Catherine Craig, PhD is an adjunct Research Professor at Washington State University, Pullman, and a Senior Research Associate at Whitman College, Walla Walla. Previously she served as an Associate Professor on the biology faculty of Yale University for 9 years where she maintained a laboratory, conducted interdisciplinary research and taught a variety of courses in Ecology and Evolution. After receiving a Fellowship from the Guggenheim Foundation and the Bunting Institute, Radcliffe College, she moved to Harvard University where she maintains an appointment as Museum Associate. In 2003, she published an academic treatise (Spiderwebs and Silk: tracing evolution from molecules to genes to phenotypes. Oxford University Press) that summarized her previous research. She then collaborated with Leslie Brunetta to popularize those themes (“Spider Silk: Evolution and 400 Million Years of Spinning, Waiting, Snagging, and Mating”, Yale University Press).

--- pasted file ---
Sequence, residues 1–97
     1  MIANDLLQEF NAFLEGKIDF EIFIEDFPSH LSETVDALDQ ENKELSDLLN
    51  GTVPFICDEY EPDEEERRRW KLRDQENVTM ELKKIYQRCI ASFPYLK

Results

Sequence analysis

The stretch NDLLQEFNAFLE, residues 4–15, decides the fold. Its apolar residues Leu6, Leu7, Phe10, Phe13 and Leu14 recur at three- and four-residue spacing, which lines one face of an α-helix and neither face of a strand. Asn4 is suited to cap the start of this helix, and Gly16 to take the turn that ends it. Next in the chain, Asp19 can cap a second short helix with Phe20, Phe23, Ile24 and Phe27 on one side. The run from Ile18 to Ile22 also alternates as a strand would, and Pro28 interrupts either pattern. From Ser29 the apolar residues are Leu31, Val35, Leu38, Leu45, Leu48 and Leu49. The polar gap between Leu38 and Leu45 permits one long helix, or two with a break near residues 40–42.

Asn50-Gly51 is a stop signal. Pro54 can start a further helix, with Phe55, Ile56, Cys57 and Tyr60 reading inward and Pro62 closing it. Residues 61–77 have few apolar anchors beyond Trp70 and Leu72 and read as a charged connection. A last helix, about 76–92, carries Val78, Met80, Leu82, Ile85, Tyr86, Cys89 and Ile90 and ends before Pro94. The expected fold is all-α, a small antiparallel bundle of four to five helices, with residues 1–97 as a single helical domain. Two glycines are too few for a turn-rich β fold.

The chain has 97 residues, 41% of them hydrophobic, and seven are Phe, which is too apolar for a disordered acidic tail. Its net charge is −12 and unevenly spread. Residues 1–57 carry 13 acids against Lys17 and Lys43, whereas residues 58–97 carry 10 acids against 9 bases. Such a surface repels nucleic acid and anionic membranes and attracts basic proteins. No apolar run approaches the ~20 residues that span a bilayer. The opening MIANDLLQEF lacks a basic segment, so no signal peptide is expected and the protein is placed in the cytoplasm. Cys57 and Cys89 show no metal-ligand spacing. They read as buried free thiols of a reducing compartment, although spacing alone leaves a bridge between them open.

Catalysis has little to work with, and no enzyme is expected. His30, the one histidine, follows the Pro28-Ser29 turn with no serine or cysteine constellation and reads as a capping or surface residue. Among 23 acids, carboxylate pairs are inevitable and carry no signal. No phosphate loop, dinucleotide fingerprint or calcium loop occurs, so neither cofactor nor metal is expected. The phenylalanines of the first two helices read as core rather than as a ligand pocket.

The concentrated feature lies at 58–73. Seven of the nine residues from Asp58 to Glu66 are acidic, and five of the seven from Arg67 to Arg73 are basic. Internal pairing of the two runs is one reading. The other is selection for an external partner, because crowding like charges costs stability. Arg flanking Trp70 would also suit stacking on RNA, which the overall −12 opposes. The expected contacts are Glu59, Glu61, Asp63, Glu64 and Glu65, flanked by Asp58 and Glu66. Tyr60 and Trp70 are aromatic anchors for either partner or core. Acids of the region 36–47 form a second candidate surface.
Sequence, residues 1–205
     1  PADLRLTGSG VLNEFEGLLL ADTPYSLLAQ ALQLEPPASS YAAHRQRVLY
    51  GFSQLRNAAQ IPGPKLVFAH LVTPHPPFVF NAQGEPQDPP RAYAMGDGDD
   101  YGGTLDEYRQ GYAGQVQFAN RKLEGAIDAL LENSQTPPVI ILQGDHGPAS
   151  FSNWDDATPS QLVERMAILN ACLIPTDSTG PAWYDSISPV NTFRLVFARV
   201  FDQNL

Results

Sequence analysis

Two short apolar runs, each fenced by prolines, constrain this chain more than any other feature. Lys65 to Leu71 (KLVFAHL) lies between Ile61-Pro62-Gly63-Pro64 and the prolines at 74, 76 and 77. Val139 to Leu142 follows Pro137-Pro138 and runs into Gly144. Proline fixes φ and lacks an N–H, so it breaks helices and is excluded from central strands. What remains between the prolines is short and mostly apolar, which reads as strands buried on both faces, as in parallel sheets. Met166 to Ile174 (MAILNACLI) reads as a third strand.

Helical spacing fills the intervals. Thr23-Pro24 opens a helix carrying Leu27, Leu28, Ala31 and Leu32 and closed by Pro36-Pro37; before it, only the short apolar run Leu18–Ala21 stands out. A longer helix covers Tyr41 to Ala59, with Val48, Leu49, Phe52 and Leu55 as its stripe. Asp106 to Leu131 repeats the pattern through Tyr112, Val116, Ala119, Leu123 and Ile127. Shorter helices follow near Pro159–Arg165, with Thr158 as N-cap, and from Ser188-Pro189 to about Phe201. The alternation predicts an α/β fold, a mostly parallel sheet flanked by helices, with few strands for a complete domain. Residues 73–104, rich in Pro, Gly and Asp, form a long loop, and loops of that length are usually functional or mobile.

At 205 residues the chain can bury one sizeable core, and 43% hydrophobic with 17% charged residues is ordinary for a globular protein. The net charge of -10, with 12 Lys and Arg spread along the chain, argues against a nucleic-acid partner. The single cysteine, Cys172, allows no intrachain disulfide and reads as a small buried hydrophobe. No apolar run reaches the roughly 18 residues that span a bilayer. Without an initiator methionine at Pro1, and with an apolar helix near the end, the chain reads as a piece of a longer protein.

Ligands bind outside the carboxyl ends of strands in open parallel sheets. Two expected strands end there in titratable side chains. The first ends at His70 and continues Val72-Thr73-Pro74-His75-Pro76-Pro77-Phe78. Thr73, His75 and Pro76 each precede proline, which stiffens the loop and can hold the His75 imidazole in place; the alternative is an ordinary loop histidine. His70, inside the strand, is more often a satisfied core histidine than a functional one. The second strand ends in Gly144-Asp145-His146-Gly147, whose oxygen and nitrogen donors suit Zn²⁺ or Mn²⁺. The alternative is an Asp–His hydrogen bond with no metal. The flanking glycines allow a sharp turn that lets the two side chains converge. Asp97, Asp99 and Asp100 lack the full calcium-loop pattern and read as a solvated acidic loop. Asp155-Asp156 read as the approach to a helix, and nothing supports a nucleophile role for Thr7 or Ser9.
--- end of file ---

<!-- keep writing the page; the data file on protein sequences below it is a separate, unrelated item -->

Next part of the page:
Recognizing that existing conservation approaches were not working, because they lacked a focus on local communities. She established an endemic resource-farming program in Madagascar in 2003. The new approach strived to meet the needs of communities living around the Makira Protected Area by giving the people an opportunity to earn money while helping to maintain the forest. Her program integrated sustainable collection and farming of an ecosystem product—wild silk—and its transformation into a non-spun textile. She established and trained an all-Malagasy team to farm caterpillars, collect cocoons and make the textile that is not spun and woven but where cocoons are sewn into unique materials. The non-woven silk is currently being marketed in Canada, the US and Europe. Currently Craig is writing a book focused on this work and exploring ways to extend her enterprise approach by introducing cocoon-silk, a sustainably produced medium, to designers, textile artists, architects and makers of fine arts.